Local Govt | National News Video | Parliament Headlines | Politics Headlines | Search

 


Stormwater continues to affect harbour sediment

Survey reveals stormwater continues to affect harbour sediment quality


The results of a 2011 Wellington Harbour sediment survey show Wellington’s stormwater continues to be an ongoing source of heavy metal contamination for the harbour.

The survey which was carried out by Greater Wellington Regional Council and part funded by Wellington City Council, was the second of its kind. It investigated sediment quality and the health of the sediment-dwelling animals, at 16 subtidal sites in the Wellington Harbour.

Results show that concentrations of copper, lead, zinc and mercury exceeded nationally recognised guidelines at several sites with the highest concentrations found at sites closer to the city. Sources of these contaminants include vehicle brake and tyre wear, galvanised roofs, road dust and soil that has in the past been contaminated with leaded petrol and lead based paints.

Hydrocarbon concentrations (such as from vehicle exhausts and tyre wear) also exceeded guidelines at inner harbour and Evans bay sites but it is thought that much of this contamination is historic from industries such as the gasworks at Miramar. Despite being banned in the late 1980s, the pesticide DDT is also apparent throughout the harbour with higher concentrations closer to the city.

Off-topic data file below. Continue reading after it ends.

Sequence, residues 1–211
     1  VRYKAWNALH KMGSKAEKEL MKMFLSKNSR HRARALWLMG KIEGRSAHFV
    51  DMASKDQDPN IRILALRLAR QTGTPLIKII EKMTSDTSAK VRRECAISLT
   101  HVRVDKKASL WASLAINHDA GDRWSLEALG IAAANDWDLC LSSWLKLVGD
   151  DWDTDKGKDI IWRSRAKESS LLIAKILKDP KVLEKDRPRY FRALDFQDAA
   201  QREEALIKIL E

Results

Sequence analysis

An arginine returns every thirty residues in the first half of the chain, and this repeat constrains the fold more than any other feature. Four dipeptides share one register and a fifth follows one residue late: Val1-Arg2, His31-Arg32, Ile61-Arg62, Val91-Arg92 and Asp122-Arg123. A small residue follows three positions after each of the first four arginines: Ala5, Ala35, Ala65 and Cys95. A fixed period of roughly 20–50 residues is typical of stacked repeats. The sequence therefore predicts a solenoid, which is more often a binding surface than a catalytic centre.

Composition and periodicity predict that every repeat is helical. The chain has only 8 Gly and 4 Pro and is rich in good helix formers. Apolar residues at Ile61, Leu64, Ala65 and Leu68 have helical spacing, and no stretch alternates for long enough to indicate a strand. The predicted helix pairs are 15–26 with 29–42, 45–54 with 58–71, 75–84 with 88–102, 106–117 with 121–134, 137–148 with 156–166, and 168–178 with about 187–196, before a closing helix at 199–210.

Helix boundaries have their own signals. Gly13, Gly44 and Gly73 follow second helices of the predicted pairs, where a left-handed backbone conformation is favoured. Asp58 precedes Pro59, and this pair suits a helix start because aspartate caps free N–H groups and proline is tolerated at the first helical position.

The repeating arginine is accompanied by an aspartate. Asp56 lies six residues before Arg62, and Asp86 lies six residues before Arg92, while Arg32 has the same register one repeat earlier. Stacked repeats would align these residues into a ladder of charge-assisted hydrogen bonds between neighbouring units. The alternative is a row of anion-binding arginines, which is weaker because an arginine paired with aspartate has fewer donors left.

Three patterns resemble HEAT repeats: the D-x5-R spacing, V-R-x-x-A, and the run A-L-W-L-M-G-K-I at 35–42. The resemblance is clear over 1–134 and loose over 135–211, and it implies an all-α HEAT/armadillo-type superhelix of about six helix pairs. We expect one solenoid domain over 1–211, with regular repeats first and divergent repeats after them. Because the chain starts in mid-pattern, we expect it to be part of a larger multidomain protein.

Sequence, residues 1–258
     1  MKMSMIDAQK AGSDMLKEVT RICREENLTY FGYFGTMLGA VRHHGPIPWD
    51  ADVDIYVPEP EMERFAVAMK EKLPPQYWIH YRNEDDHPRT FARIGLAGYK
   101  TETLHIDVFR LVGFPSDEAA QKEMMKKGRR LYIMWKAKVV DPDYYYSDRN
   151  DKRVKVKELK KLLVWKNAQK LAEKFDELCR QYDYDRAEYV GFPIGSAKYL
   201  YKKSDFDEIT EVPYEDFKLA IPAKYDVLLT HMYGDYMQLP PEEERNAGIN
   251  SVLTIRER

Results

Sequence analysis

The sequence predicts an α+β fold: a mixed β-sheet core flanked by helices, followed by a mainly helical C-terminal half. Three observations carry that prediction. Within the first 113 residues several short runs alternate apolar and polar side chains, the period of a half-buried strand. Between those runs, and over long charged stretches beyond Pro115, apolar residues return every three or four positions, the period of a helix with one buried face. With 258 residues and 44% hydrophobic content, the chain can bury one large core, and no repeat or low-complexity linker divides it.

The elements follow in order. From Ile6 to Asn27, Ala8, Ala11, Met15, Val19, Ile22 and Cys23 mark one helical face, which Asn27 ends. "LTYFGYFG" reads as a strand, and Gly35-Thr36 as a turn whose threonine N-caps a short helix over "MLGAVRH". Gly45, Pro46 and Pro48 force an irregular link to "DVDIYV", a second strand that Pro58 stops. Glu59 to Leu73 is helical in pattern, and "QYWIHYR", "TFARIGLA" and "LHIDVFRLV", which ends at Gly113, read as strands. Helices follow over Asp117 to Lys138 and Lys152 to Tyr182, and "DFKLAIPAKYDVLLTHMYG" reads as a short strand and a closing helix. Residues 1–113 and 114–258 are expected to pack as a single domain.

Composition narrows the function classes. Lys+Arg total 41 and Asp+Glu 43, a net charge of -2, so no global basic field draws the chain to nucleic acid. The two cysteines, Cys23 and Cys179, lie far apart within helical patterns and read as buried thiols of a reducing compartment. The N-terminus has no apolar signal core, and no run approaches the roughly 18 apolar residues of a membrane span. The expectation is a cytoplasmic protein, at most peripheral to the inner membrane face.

Examination of creatures living on the harbour floor identified 124 species, among them tiny crustaceans, worms, urchins, bivalves and brittle stars. These invertebrate communities have shown little change in the last five years and remain reasonably diverse. However, invasive species and those with a high degree of pollution tolerance appear to dominate at sites with higher amounts of mud and contaminants.

Regional Council coastal scientist, Dr Megan Oliver says that while there were some statistically significant changes in contamination levels between this survey and the 2006 study, it is still too early to determine if the changes are environmentally meaningful. “The accumulation of contaminants is a relatively slow process and at least another three surveys will be needed before we can say if the situation is improving or worsening.” Dr Oliver says. “Overall there are contamination hotspots but the animal communities living there appear reasonably healthy and diverse and are similar to harbour communities found elsewhere in New Zealand”.